Today at Berkeley Lab

Tracking the Elusive QOOH Radical

For the first time, researchers directly observed QOOH molecules, a class of highly reactive molecules at the center of the web of ignition chemistry reactions. The data generated will improve the fidelity of combustion models used to create cleaner and more efficient cars and trucks. More>

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Enhanced Microscopic Resolution for Improved Diagnostics

Simple, low-cost techniques developed by ALS affiliate Laura Waller are giving standard optical microscopes — and even smartphones — powerful new ways to see the minuscule. LED lights in a custom-built device boost resolution by making several microphotographs of a cell sample while changing only the angle of the lighting. More>

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Investigating Buried Interfaces in Ferroelectric Materials

Researchers at Berkeley Lab and the Soleil Synchrotron in Paris have developed a new technique for investigating buried interfaces in ferroelectric materials. The new technique provides key information that should advance the exploitation of the unique properties of ferroelectric materials for encoding information. More>

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Spectroscopy of Supercapacitor Electrodes in Operando

X-ray spectroscopy of graphene supercapacitor electrodes under operating conditions reveals changes in electronic structure and bonding. The research could lead to an improvement in the capacity and efficiency of electrical energy storage systems needed to meet the burgeoning demands of consumer, industrial, and green technologies. More>

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Student Artists Interpret the Advanced Light Source

UC Berkeley architecture and engineering students visited in 2003 and found more beauty in the user facility than anyone had anticipated. More>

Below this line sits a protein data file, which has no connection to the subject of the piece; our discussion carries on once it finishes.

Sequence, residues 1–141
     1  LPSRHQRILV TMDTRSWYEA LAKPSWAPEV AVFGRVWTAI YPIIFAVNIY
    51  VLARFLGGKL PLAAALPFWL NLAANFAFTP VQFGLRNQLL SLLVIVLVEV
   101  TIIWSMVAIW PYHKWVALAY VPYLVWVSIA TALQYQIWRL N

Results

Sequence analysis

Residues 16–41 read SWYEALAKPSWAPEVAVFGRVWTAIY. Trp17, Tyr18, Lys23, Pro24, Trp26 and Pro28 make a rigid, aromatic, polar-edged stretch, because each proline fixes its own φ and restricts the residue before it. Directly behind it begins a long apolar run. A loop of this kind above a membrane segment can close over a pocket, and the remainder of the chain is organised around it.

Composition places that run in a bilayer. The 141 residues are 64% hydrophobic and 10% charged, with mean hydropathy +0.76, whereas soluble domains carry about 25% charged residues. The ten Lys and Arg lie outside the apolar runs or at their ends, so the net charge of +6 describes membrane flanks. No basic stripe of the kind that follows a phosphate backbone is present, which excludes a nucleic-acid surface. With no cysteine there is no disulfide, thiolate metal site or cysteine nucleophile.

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ALS X-Rays Shine a New Light on Catalysis

Electrocatalysts are responsible for expediting reactions in many promising renewable energy technologies. A team of Berkeley Lab and Stanford researchers used x-rays at the ALS in a novel way to observe the behavior of electrons in metal oxide electrocatalysts. What they learned has upended long-held scientific understanding of how these catalysts work. More>

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What Goes Up, Must Come Down (and Sometimes Gets Stuck)

High-pressure experiments at Beamline 12.2.2 on ferropericlase—the presumed weakest mineral found in the Earth’s lower mantle—help explain why subducted slabs of Earth’s crust stall at a depth of around 1000 km.

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On-Demand X-Rays at Synchrotron Light Sources

The technique allows ALS users to access to the X-ray beams they want without affecting beams
for other users. The technique displaces and routes a single electron bunch from the multi-bunch electron beam in the ALS’s storage ring so that only X-ray light from this displaced bunch reaches the experiment. More>

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$2.4 Million From Moore Foundation For New Technique Developed at ALS

A novel X-ray scattering concept by researchers at the Advanced Light Source is receiving support from the Gordon and Betty Moore Foundation in the amount of $2.4 million. The lead investigator is ALS Division Deputy Zahid Hussain, with ALS Director Roger Falcone acting as co-PI on the project. More>

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A Fullerene That Breaks the Rules

Scientists used small-molecule x-ray crystallography to verify and characterize the first non-functionalized fullerene with a heptagonal ring in the cage. This new molecule changes the definition of a classical fullerene and expands the range of structural possibilities for endohedral fullerenes. More>

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